Ten days with 100 young YMCA people …. good or bad?

Date: 06 October 2016

I’ve just spent a week with over 100 young people from more than 60 countries.

What a fascinating experiment. What an amazing melting-pot of cultures, experiences and hopes.

This is the YMCA at its best! Global training creating life-long friendships and networks for change.
Who are these young people?

They are YMCA Change Agents. They are the leaders of local YMCAs today and in the future.  They are an outworking of the World YMCA OUR WAY Strategy.

The YMCAs of the world are all about empowering young people. As a result they are genuine in investing in the next generations of leadership. This is not some cliché about ‘leaders of tomorrow’, this is for real. We are taking responsibility to ensure our future.

Together we are in Chiang Mai, Thailand.  I’m sitting at a dinner table having a lively discussion around cultural differences in language. Some are from developed countries that have fewer needs for material things, but who own the responsibility of serving others that comes with such privilege. Some are from developing countries who are giving everything they have to the group as well. They are equals in this group. All are included. Here, all have a voice.

They share a common anger about the injustices against young people in the world. They have experienced that first hand when some of their group from Gaza are not allowed to leave the country to be with them because of man-made walls and rules.  And they share a desire to be the change in the world. “Be the change” is an oft heard mandate. They aim to move beyond this Global Training Event being just words and ensuring it is about action. They don’t seek to replace the older people, but to work alongside them and with them as equals in YMCA leadership.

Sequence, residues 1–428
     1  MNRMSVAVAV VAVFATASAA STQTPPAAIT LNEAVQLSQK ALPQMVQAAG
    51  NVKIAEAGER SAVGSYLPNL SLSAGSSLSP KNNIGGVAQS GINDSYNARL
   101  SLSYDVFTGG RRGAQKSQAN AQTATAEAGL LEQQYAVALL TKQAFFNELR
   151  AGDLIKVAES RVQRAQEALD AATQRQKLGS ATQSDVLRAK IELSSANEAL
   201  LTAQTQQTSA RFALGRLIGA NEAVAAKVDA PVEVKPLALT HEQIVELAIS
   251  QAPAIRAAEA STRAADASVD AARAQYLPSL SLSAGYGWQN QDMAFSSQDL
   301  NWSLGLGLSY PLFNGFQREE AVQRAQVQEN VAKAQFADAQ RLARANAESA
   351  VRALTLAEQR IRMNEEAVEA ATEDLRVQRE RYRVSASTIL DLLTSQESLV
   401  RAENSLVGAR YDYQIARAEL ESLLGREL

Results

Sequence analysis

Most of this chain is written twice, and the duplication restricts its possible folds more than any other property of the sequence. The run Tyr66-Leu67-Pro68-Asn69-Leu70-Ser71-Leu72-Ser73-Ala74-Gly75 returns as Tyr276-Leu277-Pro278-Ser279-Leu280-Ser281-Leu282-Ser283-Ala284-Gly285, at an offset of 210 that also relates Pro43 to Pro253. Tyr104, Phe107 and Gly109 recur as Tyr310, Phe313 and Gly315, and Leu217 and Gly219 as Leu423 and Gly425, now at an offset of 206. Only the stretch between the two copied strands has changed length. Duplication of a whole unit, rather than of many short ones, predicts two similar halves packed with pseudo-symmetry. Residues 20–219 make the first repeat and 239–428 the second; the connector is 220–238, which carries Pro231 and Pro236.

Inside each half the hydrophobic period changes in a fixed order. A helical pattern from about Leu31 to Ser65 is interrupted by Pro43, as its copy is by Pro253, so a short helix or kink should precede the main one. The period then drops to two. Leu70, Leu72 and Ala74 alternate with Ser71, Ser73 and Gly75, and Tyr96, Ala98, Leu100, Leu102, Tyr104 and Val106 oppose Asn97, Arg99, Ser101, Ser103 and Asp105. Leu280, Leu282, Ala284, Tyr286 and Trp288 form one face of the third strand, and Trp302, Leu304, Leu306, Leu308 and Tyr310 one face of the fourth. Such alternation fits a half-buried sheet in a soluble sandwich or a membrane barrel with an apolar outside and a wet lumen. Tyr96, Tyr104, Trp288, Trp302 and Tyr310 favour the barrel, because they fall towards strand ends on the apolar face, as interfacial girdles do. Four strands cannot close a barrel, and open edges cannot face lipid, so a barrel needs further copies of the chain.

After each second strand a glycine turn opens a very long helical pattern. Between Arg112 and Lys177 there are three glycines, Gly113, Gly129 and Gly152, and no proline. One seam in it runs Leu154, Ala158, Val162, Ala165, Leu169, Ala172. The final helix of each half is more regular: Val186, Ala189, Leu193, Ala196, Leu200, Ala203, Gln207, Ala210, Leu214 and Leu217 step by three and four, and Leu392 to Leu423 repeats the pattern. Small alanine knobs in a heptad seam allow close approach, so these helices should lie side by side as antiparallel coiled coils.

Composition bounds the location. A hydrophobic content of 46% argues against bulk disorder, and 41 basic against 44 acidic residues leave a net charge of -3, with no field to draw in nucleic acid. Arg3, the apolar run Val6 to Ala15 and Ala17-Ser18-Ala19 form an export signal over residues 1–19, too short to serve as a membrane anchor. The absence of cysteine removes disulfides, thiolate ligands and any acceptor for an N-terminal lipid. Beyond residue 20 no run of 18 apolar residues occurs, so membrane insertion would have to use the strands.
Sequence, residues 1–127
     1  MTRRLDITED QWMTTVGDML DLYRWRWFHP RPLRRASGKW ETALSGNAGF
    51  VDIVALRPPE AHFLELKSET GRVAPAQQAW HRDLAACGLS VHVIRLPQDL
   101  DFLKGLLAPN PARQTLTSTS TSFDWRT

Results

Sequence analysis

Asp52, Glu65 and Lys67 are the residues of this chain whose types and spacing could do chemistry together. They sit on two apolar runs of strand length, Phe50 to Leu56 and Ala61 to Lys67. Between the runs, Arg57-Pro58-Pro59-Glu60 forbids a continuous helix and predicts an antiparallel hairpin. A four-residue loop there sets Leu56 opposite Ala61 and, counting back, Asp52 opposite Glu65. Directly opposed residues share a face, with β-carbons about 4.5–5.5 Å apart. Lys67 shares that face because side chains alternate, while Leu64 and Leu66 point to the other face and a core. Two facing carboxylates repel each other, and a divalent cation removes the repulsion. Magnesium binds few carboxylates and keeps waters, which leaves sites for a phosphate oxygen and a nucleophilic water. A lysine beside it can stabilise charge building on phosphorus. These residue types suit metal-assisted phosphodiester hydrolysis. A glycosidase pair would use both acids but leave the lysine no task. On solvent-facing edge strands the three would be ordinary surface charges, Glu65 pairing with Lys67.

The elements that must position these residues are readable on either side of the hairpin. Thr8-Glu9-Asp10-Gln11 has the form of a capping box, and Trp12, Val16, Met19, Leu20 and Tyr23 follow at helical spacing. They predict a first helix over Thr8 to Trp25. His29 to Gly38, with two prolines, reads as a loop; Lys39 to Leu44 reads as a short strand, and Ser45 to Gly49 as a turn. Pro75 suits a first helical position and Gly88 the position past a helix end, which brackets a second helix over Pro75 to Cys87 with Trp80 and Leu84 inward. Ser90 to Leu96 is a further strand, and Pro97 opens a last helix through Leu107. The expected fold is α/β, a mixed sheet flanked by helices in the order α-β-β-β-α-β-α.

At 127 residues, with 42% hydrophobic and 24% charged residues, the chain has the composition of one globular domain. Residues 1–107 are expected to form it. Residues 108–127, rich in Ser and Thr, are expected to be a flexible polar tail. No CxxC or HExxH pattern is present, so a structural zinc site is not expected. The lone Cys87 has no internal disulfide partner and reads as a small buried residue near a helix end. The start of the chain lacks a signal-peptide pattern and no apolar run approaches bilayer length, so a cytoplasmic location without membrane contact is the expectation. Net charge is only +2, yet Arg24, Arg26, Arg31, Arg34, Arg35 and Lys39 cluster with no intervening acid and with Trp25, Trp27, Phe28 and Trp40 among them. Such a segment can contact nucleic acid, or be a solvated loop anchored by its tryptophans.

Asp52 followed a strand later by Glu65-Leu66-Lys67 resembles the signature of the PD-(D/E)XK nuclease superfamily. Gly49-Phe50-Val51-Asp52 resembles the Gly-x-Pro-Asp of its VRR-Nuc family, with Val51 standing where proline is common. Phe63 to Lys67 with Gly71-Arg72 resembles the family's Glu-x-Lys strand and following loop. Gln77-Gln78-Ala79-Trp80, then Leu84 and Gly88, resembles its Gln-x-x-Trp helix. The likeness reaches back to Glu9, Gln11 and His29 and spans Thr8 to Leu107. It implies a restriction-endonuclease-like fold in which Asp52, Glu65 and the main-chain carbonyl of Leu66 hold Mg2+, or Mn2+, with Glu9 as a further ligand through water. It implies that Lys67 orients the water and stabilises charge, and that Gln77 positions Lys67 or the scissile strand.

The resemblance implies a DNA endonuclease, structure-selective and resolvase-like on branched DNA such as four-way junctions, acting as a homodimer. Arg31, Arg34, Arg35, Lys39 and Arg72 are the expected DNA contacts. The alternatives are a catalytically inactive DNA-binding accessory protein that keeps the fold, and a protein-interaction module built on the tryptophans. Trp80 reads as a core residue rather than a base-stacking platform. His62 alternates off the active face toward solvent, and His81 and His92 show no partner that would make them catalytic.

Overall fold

We’re having a session on our global research: One Million Voices. The largest youth research ever conducted. They acknowledge that there are similarities across countries for the biggest needs of young people, but their countries also hold unique issues. They speak of opportunities – of holding the torch for young people in their country. They are passionate and wear their responsibility with pride.

The change they seek to make – to make the world a better place for young people – is not a threat to the YMCAs they represent, nor is it something to fear. They speak of how the thing to fear is becoming irrelevant to those we aim to serve by not changing.

They make plans: corporate and personal plans.  They have projects of change that they are delivering in their local communities through their local YMCAs. They talk about moving from follower to leader, receiving to giving, actor to resource. These are not contrite terms learnt in management texts, these are heartfelt statements.  The weight of leadership responsibility sits well on their shoulders.

I wish I could video record the session on the future of the YMCA from their perspective and play it to all the YMCA Movement. To all the Executive Committee, NGS, GST and other existing leaders of the Movement.  They need to ensure they hear these voices.

And so the deep thinking and deep discussions continue:  good and bad leadership, the Christian perspective of the YMCA, Safe Space, advocacy and more. Through fascinating ‘fish bowl’ exercises that could be extended long past the allocate time. For example, this demonstrates our diversity on how we approach the ‘C’ in the YMCA name and how we find common ground in demonstrating our serving and inclusiveness by demonstrating the Christian values we share.

This is the meeting highlight of the year. This is the hope for the future. This is change becoming reality. This is the future of the YMCA. In years to come we shall become famous for these YMCA Change Agents. Their return-on-investment, a management term for gaining favourable investment dividends, for their sending YMCA is unquestionable. This is the change we need.

We should all be very proud of these leaders of the YMCA.

Andrew McKenzie